“Bringing a knife to a gunfight” describes showing up hopelessly ill-equipped for the task at hand.
Two recent conferences, the massive Dreamforce in San Francisco and the smaller, but still fascinating, Australian Xerocon in Melbourne illustrate just how radically the commercial world is changing and how many business leaders are poorly equipped for today’s times.
In July, the Melbourne Xero Convention bought together 400 Australian partners of the cloud accounting service which showed how one New Zealand-based company is building its business through engaging other suppliers who add features to the basic service.
Vend, a Point Of Sale cloud service provider, was one of the companies exhibiting at XeroCon. In the past POS systems have been a pain for retail businesses, with most suppliers’ business models being about locking customers into expensive contracts.
With cloud services, the old vendor lock-in model dies as stores can use any device they like, such as a PC, tablet computer or a smartphone, so a business is no longer locked into using an overpriced and often antiquated piece of equipment.
Making the cloud offering even more attractive is that Vend, and many of their competitors, also take advantage of APIs – Application Program Interfaces – built into other services so they can seamlessly change records.
So a shop can make a sale in their physical store and inventory levels will automatically change in the online stores and on services like eBay. If an item is now of stock, the websites are automatically updated to reflect this.
This business automation makes it easier and cheaper to run a business. It’s everything that computers have promised for the last 30 years and is now being delivered through cloud computing services.
At Dreamforce in San Francisco last week, Salesforce.com CEO Marc Benioff showed the 90,000 attendees how these services work on a corporate level with demonstrations from companies as diverse as General Electric, ski company Rossignol, and Australia’s own Commonwealth Bank.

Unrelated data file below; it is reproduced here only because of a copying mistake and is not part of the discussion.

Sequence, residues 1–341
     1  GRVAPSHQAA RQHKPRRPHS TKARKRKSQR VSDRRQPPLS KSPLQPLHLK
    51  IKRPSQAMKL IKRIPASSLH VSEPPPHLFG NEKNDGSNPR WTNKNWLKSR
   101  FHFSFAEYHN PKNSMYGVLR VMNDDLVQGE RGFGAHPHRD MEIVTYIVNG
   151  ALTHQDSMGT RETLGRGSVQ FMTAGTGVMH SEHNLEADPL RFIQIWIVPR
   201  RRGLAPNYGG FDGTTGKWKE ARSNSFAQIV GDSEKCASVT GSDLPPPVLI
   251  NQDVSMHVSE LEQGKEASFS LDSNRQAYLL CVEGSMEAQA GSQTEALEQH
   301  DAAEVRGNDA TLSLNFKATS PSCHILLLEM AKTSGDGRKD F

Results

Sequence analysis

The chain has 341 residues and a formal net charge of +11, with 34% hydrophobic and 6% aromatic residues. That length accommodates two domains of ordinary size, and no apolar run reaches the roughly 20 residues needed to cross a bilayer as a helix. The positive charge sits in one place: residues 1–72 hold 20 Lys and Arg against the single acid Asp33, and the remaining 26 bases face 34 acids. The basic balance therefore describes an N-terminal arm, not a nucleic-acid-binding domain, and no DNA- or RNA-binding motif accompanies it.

What really stood out with all of these presentations was how each business had made major technology investments that in turn allowed them to deploy modern tools.
The Virgin America Dreamforce presentation was particularly telling. Having just endured a 13 hour United Airlines flight in a plane that had been barely refurbished since 1988 it was clear that the older airline simply didn’t have the hardware to compete with the upstart even if management and staff wanted to.
From both Dreamforce and XeroCon the message has been clear, those legacy managers who won’t invest in new technologies or re-organise their businesses to meet the realities of the 21st Century are simply doomed.
In Australia this sense of doom in the business community is confirmed when MYOB and Google missed their target of giving away 50,000 free business websites as part of their Getting Aussie Business Online program.
Depending on whose figures you use, between 50% and 65% of Australia’s 1.7 million small businesses don’t have a website – and websites are last decade’s technology.
Business has moved onto mobile and social platforms, those 800,000 businesses that are yet to move into the new century are roadkill – the competition are just going to run over them.
If you are still struggling with the idea of a website – let alone a mobile site, mobile phone app or social media strategy – then you haven’t brought a knife to a gunfight, you’ve brought a sharpened stick. It’s time to figure out whether you still want to be in business.
Disclaimer: Paul travelled to XeroCon in Melbourne courtesy of Xero and to Dreamforce in San Francisco as a guest of Salesforce.com